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Human Rights

Can Dündar: Syria turns into Turkey’s Guantanamo

MIT former employee Mesut Geçer said that he was abducted by his former colleagues and taken to Syria and tortured for 16 months. Can Dündar remarked on this incident saying, “Syria turned into Turkey’s Guantanamo.”

In the last four years in Turkey, people have been abducted by state officials and tortured in secret detention centers for months.

Some of the so-called “Black Transporter” victims described their experiences after their releases. However, the judicial system, which lost its independence, remains silent.

The abductees alleged that they were kept in a extra-judicial detention center called “Ranch” in Ankara for 6 to 9 months.

The last event is striking than any other. This time, the former MIT member Mesut Geçer told about his experiences after his abduction. He said that he knew the people who abducted him and the people who tortured him.

“I was detained for 16 months”

Mesut Geçer is accused of being affiliated with the Gülen Movement, just like any other abducted and tortured people. Erdogan’s regime starts blaming the Gülen Movement after the chief corruption operation in December 2013 that was targeting the government, and then Erdogan has declared the Movement as a terrorist organization.

Geçer was able to appear before the judge for the first time after his abduction. Speaking at the Ankara 34th High Criminal Court on December 3, 2019, the defendant Geçer summarized the “abduction case” in his statement as follows:

“On March 18, 2017, I felt like I was being followed when I was driving in the direction of Sincan Lale square (a district of Turkey’s capital Ankara). I knew the following vehicles and their drivers. They stopped the car like it was a routine police control. A gray Doblo (transporter style vehicle) with a plate number 58, came near to my vehicle. After getting into the Doblo, they put a sack on my head and we started the journey. I was put in a cell. The first interrogation started on Monday, March 20, 2017. They started by handcuffing me from behind and banging my head against the wall with the sack on my head. It then continued with beatings and other ill-treatment that I cannot describe. In the meantime, I knew the voices of most people speaking around me. I still have a chance to diagnose their voices. Then my health deteriorated. I started bleeding that Wednesday. When my health deteriorated, they transferred me to another place I knew at night time. On the night of June 20, 2018, to June 21, I was transported again with a vehicle. I didn’t know where I was going. Later I realized that this was Syria. I traveled with a sack on my head with my hands in plastic handcuffs. I had earbuds in my ears and eye patches in my eyes. People with guns came around me. Arabic speaking people with the Kalashnikov rifles in their hands. They held me until July 14, 2018.”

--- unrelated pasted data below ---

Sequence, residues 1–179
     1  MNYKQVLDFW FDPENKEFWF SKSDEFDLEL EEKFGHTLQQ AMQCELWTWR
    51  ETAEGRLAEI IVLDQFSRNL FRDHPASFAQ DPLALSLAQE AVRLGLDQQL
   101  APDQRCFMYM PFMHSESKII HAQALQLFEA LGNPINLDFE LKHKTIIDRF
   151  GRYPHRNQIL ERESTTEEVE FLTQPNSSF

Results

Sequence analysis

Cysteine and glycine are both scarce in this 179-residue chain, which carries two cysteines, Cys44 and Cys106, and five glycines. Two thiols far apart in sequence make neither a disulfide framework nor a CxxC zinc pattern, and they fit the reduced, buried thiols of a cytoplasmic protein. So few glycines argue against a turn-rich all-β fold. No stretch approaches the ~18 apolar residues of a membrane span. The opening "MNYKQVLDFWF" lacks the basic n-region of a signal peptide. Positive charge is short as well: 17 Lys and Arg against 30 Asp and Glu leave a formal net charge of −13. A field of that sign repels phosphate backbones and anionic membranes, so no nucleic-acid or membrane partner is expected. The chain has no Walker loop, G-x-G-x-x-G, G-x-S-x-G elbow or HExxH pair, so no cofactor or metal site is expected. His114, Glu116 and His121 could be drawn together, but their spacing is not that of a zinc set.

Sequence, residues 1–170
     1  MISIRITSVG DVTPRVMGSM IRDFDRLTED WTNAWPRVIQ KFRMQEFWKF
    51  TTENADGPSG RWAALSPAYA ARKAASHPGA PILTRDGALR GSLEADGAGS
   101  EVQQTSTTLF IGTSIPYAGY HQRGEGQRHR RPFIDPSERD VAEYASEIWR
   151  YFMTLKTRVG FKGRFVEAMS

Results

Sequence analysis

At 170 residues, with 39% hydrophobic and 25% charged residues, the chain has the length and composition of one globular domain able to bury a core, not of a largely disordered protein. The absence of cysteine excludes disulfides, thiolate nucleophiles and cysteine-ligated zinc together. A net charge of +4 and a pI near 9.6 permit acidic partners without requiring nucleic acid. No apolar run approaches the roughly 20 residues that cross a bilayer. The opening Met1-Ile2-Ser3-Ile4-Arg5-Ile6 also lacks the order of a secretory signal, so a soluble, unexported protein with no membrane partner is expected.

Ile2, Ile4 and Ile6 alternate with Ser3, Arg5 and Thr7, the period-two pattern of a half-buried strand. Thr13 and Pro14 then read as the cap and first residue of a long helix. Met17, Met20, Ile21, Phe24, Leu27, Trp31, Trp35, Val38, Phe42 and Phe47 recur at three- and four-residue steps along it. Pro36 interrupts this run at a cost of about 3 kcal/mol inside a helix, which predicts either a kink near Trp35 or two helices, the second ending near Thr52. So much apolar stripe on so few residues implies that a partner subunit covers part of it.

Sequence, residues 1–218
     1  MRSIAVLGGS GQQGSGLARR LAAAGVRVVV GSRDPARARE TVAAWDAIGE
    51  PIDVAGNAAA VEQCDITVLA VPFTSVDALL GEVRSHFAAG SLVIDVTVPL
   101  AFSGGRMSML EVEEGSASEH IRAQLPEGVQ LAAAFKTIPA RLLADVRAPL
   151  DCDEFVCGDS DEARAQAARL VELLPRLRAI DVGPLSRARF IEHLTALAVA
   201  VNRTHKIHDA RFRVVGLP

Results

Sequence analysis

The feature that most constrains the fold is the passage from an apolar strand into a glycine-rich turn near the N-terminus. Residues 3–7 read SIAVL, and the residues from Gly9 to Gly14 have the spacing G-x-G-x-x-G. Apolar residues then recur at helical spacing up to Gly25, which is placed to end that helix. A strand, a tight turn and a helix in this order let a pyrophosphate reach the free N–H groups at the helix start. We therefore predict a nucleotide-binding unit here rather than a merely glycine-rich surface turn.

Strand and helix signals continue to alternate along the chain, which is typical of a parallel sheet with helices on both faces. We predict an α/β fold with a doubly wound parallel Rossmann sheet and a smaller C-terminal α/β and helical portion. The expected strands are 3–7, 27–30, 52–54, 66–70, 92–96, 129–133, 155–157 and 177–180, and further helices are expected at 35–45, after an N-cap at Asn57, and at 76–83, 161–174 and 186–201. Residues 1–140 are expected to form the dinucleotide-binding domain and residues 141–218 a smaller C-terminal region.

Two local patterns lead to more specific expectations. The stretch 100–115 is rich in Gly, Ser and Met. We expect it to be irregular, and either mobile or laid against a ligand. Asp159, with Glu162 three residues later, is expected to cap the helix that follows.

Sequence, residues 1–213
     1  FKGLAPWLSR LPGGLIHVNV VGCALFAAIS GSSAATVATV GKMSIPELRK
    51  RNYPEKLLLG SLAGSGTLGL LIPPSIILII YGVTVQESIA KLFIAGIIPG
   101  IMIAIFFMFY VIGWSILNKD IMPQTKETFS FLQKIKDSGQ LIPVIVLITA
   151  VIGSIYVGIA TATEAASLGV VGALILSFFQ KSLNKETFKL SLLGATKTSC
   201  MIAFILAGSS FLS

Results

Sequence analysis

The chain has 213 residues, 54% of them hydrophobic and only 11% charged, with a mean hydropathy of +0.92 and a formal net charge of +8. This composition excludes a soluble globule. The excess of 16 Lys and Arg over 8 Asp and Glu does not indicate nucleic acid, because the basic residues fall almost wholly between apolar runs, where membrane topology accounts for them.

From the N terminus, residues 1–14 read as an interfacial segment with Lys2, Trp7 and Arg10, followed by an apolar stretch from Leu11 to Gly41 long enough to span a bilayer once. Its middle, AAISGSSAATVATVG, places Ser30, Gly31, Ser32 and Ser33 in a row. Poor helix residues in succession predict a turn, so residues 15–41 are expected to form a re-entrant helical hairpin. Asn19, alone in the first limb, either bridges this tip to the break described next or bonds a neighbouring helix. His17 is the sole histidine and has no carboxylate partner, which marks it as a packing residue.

Months later he was brought back to Turkey

Mesut Geçer told about how he was brought back to Turkey with the sack on his head after being tortured in Syria:

“I was brought back to Turkey while I had a sack on my head, and I was taken to the Kumlu District Gendarme Headquarters. Later, I was handed over to the TEM (Anti-terror Police) Branch of Ankara Security Directorate. When you add this period (detention) for 17 months after being lost for 16 months, I have been away from my wife, children, and my social life for 33 months. Due to the conditions of ill-treatment and detention at that time, my left foot and knee were damaged and I still have difficulty using them. There is a problem with my intestinal system.”

Can Dündar: Syria turns into Turkey’s Guantanamo

Can Dündar shared the details of the news from his Twitter account and commented on the subject as: “Syria turned into Turkey’s Guantanamo.”

In Turkey, it has been proven that more than 30 people have been abducted with “Black Transporters” and tortured in the last three years. However, under the new regulations, MIT head and President Erdoğan must give permission to prosecute members of MIT. The courts even refrain from demanding this permission.

Human Rights

Understanding shifts in Turkey through Yamanlar College

Erdoğan Regime shut down nearly 1400 foundations, associations, and schools belonging to the Gülen Movement. Yamanlar College was one of the most emblematic ones. The college was the first college founded in the years when the movement was founded.